The Hurricanes owe it to themselves to give Hamilton more of a chance, especially on the man advantage. The pay-off could be significant: combining this team’s stout even-strength work with, ideally, a power play that isn’t in the bottom-third of the league.

That’s even scarier than dealing with Hamilton’s one-timers.

MORE: Your 2018-19 NHL on NBC TV schedule

James O’Brien is a writer for Pro Hockey Talk on NBC Sports. Drop him a line at phtblog@nbcsports.com or follow him on Twitter @cyclelikesedins.

Carolina hopes strong defense brings end to playoff drought

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RALEIGH, N.C. — The Carolina Hurricanes have assembled quite a crowd on defense.

The Hurricanes brought in two established defensemen this offseason – trading for Dougie Hamilton, and signing Calvin de Haan. That means seven players for six spots on game nights, and they hope the strength in those numbers will finally end the NHL’s longest active playoff drought.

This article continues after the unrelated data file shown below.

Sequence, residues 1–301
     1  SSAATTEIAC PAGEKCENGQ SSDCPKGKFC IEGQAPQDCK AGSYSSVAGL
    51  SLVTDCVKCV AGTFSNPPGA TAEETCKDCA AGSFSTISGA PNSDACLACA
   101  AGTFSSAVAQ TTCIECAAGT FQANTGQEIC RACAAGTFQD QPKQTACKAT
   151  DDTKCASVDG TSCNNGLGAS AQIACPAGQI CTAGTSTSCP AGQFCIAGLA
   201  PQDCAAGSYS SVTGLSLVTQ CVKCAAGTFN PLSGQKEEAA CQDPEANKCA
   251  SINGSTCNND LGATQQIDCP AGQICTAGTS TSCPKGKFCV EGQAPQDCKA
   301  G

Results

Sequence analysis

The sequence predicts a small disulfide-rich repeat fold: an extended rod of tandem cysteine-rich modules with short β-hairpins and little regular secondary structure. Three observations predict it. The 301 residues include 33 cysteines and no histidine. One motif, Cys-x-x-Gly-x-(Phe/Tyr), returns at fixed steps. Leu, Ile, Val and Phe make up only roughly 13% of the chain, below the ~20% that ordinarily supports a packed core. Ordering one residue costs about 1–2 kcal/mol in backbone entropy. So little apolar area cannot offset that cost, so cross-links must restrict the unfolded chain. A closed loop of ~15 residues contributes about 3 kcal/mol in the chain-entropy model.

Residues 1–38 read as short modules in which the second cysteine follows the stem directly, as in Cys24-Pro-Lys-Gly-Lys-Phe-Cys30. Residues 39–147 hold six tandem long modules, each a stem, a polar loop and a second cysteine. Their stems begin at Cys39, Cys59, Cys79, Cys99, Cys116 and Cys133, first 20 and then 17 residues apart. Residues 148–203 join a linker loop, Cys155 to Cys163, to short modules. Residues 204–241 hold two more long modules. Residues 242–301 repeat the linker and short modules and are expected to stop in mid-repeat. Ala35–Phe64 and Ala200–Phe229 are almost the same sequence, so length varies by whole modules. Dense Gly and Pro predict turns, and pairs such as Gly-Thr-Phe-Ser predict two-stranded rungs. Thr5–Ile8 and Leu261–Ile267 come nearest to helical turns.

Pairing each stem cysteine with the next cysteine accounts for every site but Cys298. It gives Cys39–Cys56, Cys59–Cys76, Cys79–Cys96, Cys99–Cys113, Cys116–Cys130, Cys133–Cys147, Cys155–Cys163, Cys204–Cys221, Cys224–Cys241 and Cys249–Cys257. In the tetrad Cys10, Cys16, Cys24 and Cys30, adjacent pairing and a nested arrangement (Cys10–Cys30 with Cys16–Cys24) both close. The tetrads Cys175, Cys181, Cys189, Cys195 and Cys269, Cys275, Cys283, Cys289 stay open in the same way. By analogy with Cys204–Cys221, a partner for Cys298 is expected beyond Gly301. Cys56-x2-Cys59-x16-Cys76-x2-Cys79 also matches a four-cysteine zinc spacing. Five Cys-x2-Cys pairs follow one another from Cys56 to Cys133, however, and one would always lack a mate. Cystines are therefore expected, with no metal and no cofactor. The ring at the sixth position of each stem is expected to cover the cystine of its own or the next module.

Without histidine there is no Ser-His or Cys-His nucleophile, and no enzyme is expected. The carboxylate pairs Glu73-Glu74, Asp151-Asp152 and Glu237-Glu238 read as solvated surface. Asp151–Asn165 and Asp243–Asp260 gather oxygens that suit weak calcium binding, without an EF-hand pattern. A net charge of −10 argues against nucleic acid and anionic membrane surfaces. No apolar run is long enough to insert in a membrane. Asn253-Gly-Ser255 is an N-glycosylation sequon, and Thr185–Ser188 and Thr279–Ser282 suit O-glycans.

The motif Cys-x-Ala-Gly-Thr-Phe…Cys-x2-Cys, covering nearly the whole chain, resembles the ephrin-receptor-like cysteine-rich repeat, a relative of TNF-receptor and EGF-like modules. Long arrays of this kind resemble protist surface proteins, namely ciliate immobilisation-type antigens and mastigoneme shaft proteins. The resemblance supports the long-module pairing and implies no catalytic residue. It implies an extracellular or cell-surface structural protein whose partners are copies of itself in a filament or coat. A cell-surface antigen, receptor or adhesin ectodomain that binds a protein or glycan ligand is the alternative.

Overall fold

And while No. 2 overall draft pick Andrei Svechnikov and 2017 first-rounder Martin Necas will draw much of the attention, the strength of this team could be a defensive unit that ranks among the best in the Eastern Conference.

”Being able to play with some of the talent on that back end was going to make my life a lot easier,” de Haan said Tuesday. ”And hopefully they can say the same thing about me one day.”

Carolina was the only team in the league last season to allow fewer than 29 shots on goal per game, but they were just 22nd in the league in goals allowed (253).

The additions of Hamilton and de Haan strengthens a young defensive group centered around Brett Pesce and Jaccob Slavin, both of whom last year signed long-term deals that will keep them with the Hurricanes well into the 2020s, and a series of offseason transactions left 26-year-old Justin Faulk as the group’s longest-tenured player.

”I’m the grayhair on the back end,” de Haan said, ”and I’m only 27.”